As the Firm grew, so did its volume of paper records. In one location alone, the Firm had the equivalent of 14 miles of boxes containing paper case records in off-site storage. While 95% of client documents were received in electronic form, 40% of the Firm's legal teams still relied on hard copy files. This led to excessive paper waste, extra labor and expense to create a file, filing backlogs, delays in locating files, inconsistent naming conventions and varying methods of saving and storing files.
The Firm also had two separate departments handling the intake of client documents and processing for case review. The Firm's office services team engaged with clients and input documents while the records management team stamped and aligned documents for initial review. This created misaligned processes that needed to be remedied for efficiency and success.
In addition, some courts were requiring case documents to be filed digitally. To accommodate this requirement, the Firm had tried to migrate its information from paper to electronic form, but had limited success due to using contract personnel and others inexperienced in digital transformation. Adding to the pressure to go digital, the growing ranks of attorneys wanted case information available anytime, anywhere and the Firm didn't have the technology infrastructure to accommodate mobile access to records.
The Firm now has established paper light processes and protocols to begin their digital transformation. When the initiative is rolled out firm-wide to nearly two dozen offices around the U.S., there will be a digital record of all client matters from intake to closed case. From an information governance standpoint, the Firm now has repeatable and defensible policies and procedures that will be implemented throughout the enterprise.
Also, the Firm's office services and records departments have been re-aligned to support the digital initiative for intaking client information and preparing the files for review. In addition, having a smooth digital records process will eliminate filing backlogs, speed up file location and bring consistency to naming conventions as well as saving and storing files.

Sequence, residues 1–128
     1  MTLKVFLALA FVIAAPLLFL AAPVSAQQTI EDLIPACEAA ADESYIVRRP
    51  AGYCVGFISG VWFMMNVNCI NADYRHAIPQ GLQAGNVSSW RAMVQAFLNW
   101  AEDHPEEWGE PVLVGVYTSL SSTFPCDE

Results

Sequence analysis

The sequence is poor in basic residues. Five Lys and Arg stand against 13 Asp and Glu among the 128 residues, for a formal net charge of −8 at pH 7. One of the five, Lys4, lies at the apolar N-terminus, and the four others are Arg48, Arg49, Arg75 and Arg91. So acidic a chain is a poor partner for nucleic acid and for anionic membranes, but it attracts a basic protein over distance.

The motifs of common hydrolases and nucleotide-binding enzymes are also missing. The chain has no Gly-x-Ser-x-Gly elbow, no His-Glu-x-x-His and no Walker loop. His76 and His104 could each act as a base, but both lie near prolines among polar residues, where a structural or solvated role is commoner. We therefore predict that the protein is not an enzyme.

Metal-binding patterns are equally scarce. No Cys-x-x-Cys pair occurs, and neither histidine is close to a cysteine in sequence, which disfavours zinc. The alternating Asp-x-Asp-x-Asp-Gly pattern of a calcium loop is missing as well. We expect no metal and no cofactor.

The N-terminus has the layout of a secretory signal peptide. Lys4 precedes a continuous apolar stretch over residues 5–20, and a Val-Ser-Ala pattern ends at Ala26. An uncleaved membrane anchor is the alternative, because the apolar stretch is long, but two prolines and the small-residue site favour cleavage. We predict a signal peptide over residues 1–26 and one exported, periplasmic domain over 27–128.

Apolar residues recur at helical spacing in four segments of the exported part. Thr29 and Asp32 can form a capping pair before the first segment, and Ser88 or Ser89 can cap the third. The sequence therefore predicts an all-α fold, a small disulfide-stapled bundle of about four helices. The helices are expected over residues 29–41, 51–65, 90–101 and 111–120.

Now that Ricoh has demonstrated our consultative, collaborative approach — listening, understanding and working with the Firm in a way that works best for them — we are poised to take on future initiatives. Discussions are underway to replicate our analysis and pilot program success in the Firm's information governance, IT and litigation support areas.
Ricoh had been the Firm's print technology partner for more than a decade, working with the Firm to solve problems and overcome business challenges around printing. As the Firm continued to grow, its leaders increasingly recognized their paper-heavy workflow and practices wouldn't support future growth, digital transformation and remote information access. Based on our years of partnership with the Firm, Ricoh Consulting Services was introduced to their head of information governance to discuss their goals. We first recommended conducting a highly collaborative white board session at one of the Firm's locations to gain a deep understanding of their objectives.
Following the session, our consultants and the Firm jointly agreed to conduct a current-state analysis with a practice group at one of the Firm's offices and talk to records and office services personnel across five locations. We interviewed more than 30 key employees to map and understand existing systems, tasks and challenges with file workflow.
Based on the analysis, Ricoh and the Firm agreed the best course of action would be a 24-month "Paper Light" pilot program to begin process automation and digital transformation at one location. Since some attorneys were averse to digital processes, a lighter, phased approach was identified as the best way forward to meet the Firm's needs. Once the pilot is complete, the Paper Light program will be rolled out to more locations and the Firm will be well on its way to working smarter in the digital future.